Sleep strategies that can help you and your new baby get much needed rest
Parenthood is exhausting, especially in those few first weeks after having a new baby. The days and nights tend to blur together, and squeezing in a daily shower becomes difficult. Thankfully, by two to three months of age, many newborns can sleep four to five hour stretches at a time. By four months, most babies can sleep six to seven hours without feeding. The trick is to get your baby sleeping more at night, allowing you much needed sleep to rejuvenate. Below are a few easy sleep strategies that can help you and your new baby get some much needed shut eye.
Settle Down Time
When you are trying to get your baby to sleep, it is imperative you create a calm and soothing atmosphere for your child. Avoid eye contact, since prolonged eye contact is very stimulating for your baby. Keep noise around the house low, watching that televisions and other surrounding electronics are not too loud. Keep the house calm and allow your baby to settle down for bed.
Most importantly, remember that bedtime is not the time for tickles and games. Just like you wouldn't run a few miles right before bed, don't stimulate your baby to play right before bedtime.
Routine, Routine, Routine
One of the easiest strategies for better sleep is to create an easy to follow, relaxing bedtime routine for your baby. An hour before bed, start with a warm bath. Follow up with stories and snuggles, and lay your baby down for the night. Once your baby is in his or her bed, leave them be unless it is an emergency. Crying won't hurt your baby, and they will learn to self soothe, which is critical in developing good sleep habits.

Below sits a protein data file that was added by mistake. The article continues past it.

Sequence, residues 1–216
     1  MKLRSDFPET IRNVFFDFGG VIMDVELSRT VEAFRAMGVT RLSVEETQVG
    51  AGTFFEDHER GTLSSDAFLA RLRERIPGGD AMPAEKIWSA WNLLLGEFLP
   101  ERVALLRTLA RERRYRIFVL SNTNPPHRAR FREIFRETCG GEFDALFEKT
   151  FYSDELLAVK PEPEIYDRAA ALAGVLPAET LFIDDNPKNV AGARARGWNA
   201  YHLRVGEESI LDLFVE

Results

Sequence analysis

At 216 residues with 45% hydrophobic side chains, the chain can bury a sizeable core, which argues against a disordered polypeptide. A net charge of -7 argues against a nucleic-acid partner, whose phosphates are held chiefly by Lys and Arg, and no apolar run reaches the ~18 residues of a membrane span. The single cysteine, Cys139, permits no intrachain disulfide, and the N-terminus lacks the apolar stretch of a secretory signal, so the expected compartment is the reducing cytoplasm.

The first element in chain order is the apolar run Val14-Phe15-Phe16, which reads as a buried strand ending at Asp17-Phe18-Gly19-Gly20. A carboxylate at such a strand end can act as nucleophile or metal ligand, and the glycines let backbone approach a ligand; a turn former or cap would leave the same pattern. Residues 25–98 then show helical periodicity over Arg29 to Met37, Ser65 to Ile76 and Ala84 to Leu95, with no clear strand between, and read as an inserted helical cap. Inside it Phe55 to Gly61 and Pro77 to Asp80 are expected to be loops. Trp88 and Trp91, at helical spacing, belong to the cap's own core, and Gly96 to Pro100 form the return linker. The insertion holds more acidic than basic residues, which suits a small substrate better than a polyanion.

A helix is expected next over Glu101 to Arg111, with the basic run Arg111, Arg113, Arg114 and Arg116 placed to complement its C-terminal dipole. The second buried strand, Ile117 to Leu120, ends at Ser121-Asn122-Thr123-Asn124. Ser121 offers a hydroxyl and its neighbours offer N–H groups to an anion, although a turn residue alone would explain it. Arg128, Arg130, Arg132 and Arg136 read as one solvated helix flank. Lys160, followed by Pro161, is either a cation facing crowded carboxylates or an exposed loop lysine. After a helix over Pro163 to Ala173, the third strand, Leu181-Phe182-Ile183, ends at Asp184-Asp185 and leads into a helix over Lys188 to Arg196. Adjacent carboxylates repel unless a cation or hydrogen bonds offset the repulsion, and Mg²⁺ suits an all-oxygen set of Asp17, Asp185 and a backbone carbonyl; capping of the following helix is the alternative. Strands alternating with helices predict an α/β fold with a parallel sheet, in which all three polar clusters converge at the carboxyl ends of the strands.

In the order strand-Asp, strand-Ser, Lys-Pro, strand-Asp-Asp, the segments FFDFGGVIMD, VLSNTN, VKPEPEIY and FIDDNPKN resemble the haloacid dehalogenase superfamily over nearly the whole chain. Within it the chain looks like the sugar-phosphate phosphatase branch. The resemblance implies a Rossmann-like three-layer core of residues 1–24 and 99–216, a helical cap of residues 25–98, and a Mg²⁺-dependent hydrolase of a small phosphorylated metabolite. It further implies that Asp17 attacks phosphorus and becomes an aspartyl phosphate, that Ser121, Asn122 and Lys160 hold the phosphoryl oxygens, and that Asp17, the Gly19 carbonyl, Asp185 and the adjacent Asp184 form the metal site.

After a few weeks, your baby will recognize your bedtime routine, and falling asleep will be easier for baby and parents.
There are many babies that wake because they are hungry, and a feeding is the only solution to get them back to bed. If this sounds like your bundle of joy, a dreamfeed may help. The term dreamfeed refers to a late night, parent-directed feeding. Instead of waiting for your baby to wake hungry, gently offer them breast or bottle right before you go to bed for the night. Most babies will feed while sleeping, and the extra few ounces may get you a few extra hours of sleep.
Comfort is Key
Just like adults, babies desire cooler temperatures and comfortable pajamas for bedtime. Watch for zippers, uncomfortable snaps or tags and toys in the crib. The American Academy of Pediatrics recommends keeping the temperature in your baby's room between 65 and 70 degrees Fahrenheit to prevent SIDS. The right pajamas and the right temperature may be your ticket to a better night's sleep for you and your baby.
If your baby is having trouble staying asleep or falling asleep, remember these sleep strategies:
- Bedtime means quiet time. Avoid stimulating your baby with noise, games or prolonged eye contact before bed. Snuggles are recommended.
- Crying won't hurt your baby. Once you leave the room, let them settle down on their own as long as there is no emergency.
- Routine is helpful in all aspects of raising children, and bedtime routines are excellent for infants and parents.
- Dreamfeeds can help babies who wake hungry gain a few extra hours of sleep. If you put baby down at 7pm, dreamfeed before you retire to bed at 10pm.
- Comfort is key. Keep baby in comfortable, soft pajamas and watch the temperature in the bedroom.
While newborns are a joy to have, they are exhausting. If you establish good sleep habits early, you can prevent sleepless nights and overtired mornings for years to come. A little effort and a few simple changes can result in happy rested parents and children.
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